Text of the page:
By Gene & Grace Luxon
This is an overview or synopsis of the book The Secret Sect by Doug and Helen Parker.* The Parkers’ book is a well-documented, historical account of the beginning of this fellowship. In condensing the information in the book and attempting to put events into chronological order, we hope to highlight significant developments and the approximate dates they occurred.
William Irvine, a Scotsman, was converted near the age of thirty at Motherwell Town Hall, Glasgow, Scotland, after he heard a challenging address by the Rev. John McNeill, a Presbyterian evangelist. He attended John Anderson’s Bible College for a short time to prepare himself for Christian service. In 1895, Irvine joined the Faith Mission, founded by John Govan in 1886 for the purpose of evangelizing isolated villages and rural areas in Scotland and Ireland. Pilgrims, who traveled in pairs, conducted meetings in local halls, churches or schools and urged any who were converted at missions to become active members of their local churches. In 1895, Irvine was sent to work in the South of Ireland and stayed in supporters’ homes during missions and depended on Faith Mission funds.
Apparently, Irvine believed that this revelation gave him authority to call out from all churches those who would accept the challenge to attempt to reestablish the unpaid, itinerant ministry. He believed that these verses in Matthew 10 contained Christ’s fundamental rule of discipleship, that it was intended for all time, and that those who followed this pattern could rely upon God to provide all their needs. He claimed that because the clergy had turned aside from what he regarded as Christ’s commission and were provided salaries, homes and church buildings, they had become apostate, their doctrines extraneous and were altogether unworthy of God’s blessing. He decided to break away from the Faith Mission unofficially. However, he continued to accept hospitality and support from Faith Mission members for several years while he spread his beliefs.
Irvine’s teachings excited the imagination of young Christians in the country districts of Ireland. In the fall of 1899, several companions, most of whom had also been connected with the Faith Mission, traveled on an evangelical tour preaching Irvine’s views. In 1901, Irvine officially resigned from the Faith Mission. Edward Cooney, a man of some substance, expressed the opinion that “Irvine was a prophet raised up by God to lead back those in Christendom to the truth as it is in Jesus.” He gave up his business interests in 1901, donated the proceeds to support the new movement and devoted himself to fulltime preaching. Cooney’s intense earnestness and burning zeal attracted large crowds and the name Cooneyites, among other names, was often used by reporters to refer to the group.
The message they brought was well received by people who had difficulty accepting the fact that simple faith in the deity, death and resurrection of Christ gave the believer assurance of salvation. Everyone who heard their message was encouraged to sell their possessions, give to the poor [to the penniless ministry], and go out into the ministry following and preaching Irvine’s interpretation of Matthew 10.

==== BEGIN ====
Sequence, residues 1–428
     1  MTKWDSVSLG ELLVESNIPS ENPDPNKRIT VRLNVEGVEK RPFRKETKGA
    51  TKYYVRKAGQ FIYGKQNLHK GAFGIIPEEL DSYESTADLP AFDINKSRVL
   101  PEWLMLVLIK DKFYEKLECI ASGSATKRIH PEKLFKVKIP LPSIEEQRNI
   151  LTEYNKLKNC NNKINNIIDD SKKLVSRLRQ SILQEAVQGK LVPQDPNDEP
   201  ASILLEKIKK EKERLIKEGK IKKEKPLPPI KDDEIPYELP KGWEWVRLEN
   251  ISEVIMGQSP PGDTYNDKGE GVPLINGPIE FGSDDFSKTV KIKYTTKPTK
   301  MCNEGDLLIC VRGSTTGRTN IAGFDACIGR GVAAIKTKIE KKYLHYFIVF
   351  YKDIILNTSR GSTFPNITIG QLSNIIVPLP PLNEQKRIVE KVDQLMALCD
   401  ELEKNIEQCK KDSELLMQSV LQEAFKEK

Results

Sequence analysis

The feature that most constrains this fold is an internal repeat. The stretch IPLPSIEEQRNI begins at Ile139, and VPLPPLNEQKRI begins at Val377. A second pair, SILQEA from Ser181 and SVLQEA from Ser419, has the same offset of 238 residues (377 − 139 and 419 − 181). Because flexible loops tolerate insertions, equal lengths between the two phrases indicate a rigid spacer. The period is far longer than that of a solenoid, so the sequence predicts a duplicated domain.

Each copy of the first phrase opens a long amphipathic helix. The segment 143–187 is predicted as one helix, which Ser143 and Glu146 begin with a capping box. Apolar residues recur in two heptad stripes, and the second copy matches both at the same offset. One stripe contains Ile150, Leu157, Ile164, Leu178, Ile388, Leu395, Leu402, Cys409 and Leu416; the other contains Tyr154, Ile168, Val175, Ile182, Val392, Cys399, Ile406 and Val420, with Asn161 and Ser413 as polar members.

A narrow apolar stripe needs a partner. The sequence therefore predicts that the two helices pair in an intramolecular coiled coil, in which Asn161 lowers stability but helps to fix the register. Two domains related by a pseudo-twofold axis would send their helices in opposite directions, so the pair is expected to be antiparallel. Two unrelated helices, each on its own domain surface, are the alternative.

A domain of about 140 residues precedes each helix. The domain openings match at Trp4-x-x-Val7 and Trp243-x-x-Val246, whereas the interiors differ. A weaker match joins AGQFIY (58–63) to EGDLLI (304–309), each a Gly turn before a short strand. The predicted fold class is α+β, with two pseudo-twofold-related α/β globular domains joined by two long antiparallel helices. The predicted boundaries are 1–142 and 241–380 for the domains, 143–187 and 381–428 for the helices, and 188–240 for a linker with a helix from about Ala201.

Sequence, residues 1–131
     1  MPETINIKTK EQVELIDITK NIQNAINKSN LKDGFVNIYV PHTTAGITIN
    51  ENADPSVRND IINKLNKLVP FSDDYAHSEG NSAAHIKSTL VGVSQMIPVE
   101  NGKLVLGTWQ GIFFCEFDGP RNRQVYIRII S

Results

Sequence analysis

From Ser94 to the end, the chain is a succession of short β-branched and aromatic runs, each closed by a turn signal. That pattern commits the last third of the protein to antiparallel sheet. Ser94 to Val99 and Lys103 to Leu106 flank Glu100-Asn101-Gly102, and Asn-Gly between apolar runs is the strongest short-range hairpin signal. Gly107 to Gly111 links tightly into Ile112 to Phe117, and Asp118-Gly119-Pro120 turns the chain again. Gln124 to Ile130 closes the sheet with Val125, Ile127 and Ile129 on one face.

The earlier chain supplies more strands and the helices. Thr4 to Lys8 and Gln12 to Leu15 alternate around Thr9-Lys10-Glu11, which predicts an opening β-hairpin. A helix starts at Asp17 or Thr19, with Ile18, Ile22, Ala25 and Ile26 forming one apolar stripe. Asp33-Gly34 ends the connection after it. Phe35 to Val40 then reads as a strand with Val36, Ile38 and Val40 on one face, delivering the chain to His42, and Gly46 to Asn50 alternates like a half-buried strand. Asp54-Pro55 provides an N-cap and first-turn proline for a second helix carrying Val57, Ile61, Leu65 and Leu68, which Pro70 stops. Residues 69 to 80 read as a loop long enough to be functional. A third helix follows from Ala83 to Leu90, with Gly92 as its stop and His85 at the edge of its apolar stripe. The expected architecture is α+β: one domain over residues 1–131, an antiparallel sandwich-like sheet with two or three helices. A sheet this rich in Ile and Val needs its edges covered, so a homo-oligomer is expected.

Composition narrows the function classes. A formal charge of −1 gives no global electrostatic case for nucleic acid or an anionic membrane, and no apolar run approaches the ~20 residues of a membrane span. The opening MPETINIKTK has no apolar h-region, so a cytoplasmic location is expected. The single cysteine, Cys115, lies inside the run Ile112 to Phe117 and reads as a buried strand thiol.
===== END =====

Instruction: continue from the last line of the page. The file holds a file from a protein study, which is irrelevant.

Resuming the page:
In late 1903, seventy of Irvine’s converts gathered at a farm in Rathmolyon for a convention that lasted three weeks. They gave over all to the common purse and broke family and social ties. Irvine insisted that success would depend upon complete rejection of all Christian doctrine and traditional forms of worship. Eager to oppose worldliness and accept a higher standard of dedication, the new preachers took a vow of poverty, celibacy and obedience.
Irvine revolted bitterly against everything associated with the existing denominations. He had no patience with those who preached trust in Christ as redeemer of men. He called them “the Calvary ranters.” Irvine and his followers felt this new form of discipleship would free them from clerical restrictions and traditional forms and doctrines of the churches. They opposed organization to the point of taking no name for the new movement.
After this convention, late in 1903, some preachers continued in the British Isles but William Irvine, Irvine Weir and George Walker sailed to the U.S.A. John Hardie, William and Mrs. Carroll, and Toni Turner pioneered the work in Australia. Wilson McClung went to New Zealand, Joe Kerr preached in South Africa, James Jardine in Germany, William Jamieson went to China, Jack Jackson to South America, and Jack Craig to Austria. There were missions to France, Italy, Spain, Russia, and the Scandinavian countries. The “Jesus Way” rapidly gained a following as the preachers scattered throughout the world.
Annual conventions were established and during the first decade thousands attended. They were patterned after the Keswick Conventions began by an Anglican clergyman, Canon Hartford-Battersby, following the spiritual revival of 1858-59 in Britain. The conventions served to further indoctrinate and recruit converts who would leave all and follow the example preacher. Between 70 and 100 preachers were sent out yearly after 1903. Preachers were exalted as living witnesses of Jesus Christ. It was believed that by virtue of their practice of self-sacrifice and homelessness they overcame the world and its values and lived in obedience to the pattern of Christ.